Two weeks ago, if you had asked most children in southern Israel what they thought of cricket, the answer would have been a blank stare. But last week, thanks to a joint project by the Israel Cricket Association and the British charity, Cricket for Change, the response was overwhelming. As the old 10CC song had it: “I don’t like cricket. I LOVE it!”
Andy Sellins is director of programmes for Cricket for Change, a 30-year-old charity which has worked in the UK with disabled children and those living in deprived conditions.The charity was invited to take its expertise overseas, and in the past two years has run week-long development programmes in 15 countries.
Thanks to the passion of the Israel Cricket Association’s George Sheader — who made aliyah from Scarborough in 1979 — it was now Israel’s turn to experience the Cricket for Change magic. Mr Sellins and a colleague went to Israel before Christmas and returned last week to run a groundbreaking programme aimed at mixing Jewish and Arab children, in Beersheva and surrounding Bedouin villages. “We teach a game called Street20, loosely based on Twenty20 one-day cricket,” he said.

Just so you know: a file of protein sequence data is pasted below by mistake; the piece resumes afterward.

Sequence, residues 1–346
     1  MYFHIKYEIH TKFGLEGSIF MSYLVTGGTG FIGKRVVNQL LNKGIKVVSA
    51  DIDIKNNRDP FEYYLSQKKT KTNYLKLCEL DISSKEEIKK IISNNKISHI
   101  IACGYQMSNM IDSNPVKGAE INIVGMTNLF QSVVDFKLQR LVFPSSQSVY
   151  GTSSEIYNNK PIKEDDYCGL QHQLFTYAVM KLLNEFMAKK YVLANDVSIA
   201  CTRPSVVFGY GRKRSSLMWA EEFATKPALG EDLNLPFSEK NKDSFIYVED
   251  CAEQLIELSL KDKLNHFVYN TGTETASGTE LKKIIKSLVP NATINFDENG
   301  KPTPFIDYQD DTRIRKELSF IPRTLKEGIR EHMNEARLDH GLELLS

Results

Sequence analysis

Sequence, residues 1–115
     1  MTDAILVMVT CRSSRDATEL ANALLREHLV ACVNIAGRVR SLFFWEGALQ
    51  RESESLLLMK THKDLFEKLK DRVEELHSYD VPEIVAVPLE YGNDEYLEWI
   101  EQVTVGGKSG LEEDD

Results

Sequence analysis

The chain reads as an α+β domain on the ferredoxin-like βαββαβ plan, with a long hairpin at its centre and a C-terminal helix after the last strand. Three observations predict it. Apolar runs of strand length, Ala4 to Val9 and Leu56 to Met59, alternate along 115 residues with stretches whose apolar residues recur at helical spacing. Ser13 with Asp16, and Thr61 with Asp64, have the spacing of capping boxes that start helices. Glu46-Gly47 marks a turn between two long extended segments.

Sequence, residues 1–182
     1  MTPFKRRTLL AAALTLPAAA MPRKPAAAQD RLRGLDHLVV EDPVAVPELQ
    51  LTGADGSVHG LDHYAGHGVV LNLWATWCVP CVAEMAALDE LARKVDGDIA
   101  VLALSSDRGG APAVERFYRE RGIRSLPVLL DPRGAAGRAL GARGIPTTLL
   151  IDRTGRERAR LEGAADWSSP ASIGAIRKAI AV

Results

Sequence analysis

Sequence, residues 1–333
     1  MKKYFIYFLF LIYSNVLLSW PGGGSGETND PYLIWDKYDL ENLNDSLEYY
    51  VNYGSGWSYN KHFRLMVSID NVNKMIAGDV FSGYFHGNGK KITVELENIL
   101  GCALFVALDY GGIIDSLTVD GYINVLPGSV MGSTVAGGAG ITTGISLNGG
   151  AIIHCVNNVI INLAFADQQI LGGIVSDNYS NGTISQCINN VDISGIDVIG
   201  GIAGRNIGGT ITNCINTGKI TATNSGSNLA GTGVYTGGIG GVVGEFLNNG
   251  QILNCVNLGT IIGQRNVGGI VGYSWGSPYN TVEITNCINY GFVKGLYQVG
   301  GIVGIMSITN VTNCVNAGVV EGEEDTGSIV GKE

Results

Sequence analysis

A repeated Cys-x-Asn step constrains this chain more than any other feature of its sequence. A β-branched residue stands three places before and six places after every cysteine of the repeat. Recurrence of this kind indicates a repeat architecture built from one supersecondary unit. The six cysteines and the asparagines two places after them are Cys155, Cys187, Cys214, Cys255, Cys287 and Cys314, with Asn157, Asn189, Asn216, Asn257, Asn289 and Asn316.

“It means there are just 20 balls bowled by each side and that everyone gets to bat and to bowl. We also only use a tennis ball covered in masking tape and plastic bats and stumps. We say that we can get kids playing anywhere, they don’t have to have a proper pitch, and we encourage the local cricket associations to throw out the rule book. We believe that this game can be picked up in one minute.”
And so it proved in Israel, when the children, aged 10-15, tumbled off the buses to join the Street20 games. Jews and Arabs were soon swinging bats with enthusiasm. George Sheader said: “We went intentionally into poor areas where everyone told us we wouldn’t succeed because there was no tradition of cricket. But the result was the opposite. One of my biggest dreams is to see one of the young Arab players become part of the Israeli team.”
Now, says Mr Sellins, while Mr Sheader and his crew “bed in” the Cricket for Change techniques, the plan is for the charity to return, this time to set up cricket schools in Jerusalem. Andy Sellins hopes that British Jewish cricket enthusiasts will help to buy kit.